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Getting Religion? The Puzzling Case of Islam and Civil War

Toft, Monica Duffy

2007

Abstract

In 42 religious civil wars from 1940 to 2000, incumbent governments and rebels who identified with Islam were involved in 34 (81 percent), far more than those identifying with other religions, such as Christianity (21, or 50 percent) or Hinduism (7, or 16 percent). In addition, civil wars in which key actors identify as Islamic are more likely to escalate into religious civil wars than civil wars in which key actors identify with other religions.
In this article I argue that overlapping historical, geographical, and, in particular, structural factors account for Islam’s higher representation in religious civil wars. Together, the historical absence of an internecine religious war similar to the Thirty Years’ War in Europe (1618–48), the geographic proximity of Islam’s holiest sites to Israel and large petroleum reserves, and jihad—a structural feature of Islam—explain why so many civil wars include Islamic participants. When political elites come under immediate threat, they will work to reframe issues of contention as religious issues, essentially attempting to out-bid each other in an effort to establish religious credibility and thus attract domestic and external support.
A recent empirical survey of civil wars from 1940 to 2000 revealed two fndings. First, the percentage of civil wars in which religion has become a central issue has increased over time. Second, these religious civil wars are much more destructive than wars fought over other issues: they result in more casualties and more noncombatant deaths, and they last longer. I begin by introducing the subject of religion in civil wars and then offer a definition of religion. Next I put forth a theory of religious outbidding to help explain why religion becomes a central issue in some civil wars but not in others.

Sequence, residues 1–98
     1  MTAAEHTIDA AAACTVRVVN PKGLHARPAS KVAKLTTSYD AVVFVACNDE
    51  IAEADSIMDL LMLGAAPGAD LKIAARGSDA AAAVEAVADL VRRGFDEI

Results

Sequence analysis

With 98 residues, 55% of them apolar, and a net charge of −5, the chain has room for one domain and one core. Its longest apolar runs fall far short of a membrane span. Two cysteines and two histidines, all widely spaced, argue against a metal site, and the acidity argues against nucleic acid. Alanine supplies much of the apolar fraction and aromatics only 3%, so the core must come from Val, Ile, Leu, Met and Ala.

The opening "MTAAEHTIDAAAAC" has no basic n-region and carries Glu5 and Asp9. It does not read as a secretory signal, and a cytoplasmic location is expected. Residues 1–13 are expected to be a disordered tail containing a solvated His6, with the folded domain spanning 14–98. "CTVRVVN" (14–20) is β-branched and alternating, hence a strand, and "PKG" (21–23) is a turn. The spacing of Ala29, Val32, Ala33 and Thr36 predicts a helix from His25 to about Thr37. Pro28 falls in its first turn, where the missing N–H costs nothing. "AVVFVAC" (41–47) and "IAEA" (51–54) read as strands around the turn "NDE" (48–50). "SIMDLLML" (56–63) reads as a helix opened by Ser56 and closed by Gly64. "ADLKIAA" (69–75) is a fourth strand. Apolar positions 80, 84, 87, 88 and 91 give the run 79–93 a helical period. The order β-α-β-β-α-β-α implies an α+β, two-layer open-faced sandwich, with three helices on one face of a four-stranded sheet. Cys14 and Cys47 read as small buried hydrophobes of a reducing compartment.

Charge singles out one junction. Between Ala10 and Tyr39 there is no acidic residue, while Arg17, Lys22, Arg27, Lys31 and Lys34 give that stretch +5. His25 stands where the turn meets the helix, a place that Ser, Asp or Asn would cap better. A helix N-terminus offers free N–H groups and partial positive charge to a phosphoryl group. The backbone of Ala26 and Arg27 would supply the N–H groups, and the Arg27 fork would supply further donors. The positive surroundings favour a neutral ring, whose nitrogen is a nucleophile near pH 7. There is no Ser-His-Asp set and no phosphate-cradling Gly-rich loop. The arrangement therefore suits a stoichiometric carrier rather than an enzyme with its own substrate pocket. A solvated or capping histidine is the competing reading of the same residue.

I then offer three hypotheses on the role of religion in civil wars and examine
the problem of Islam’s disproportionate representation in religious civil wars from 1940 to 2000. After testing these hypotheses against a statistical data set of civil wars, I examine the case of Sudan’s two civil wars. I conclude with a discussion of some of the theoretical and foreign policy implications of religion and civil war that follow from this analysis.
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Entry Type : Uncategorized
Uploaded By : International Crimes Strategy Forum (ICSF)
Upload date : Saturday, 3 May 2014

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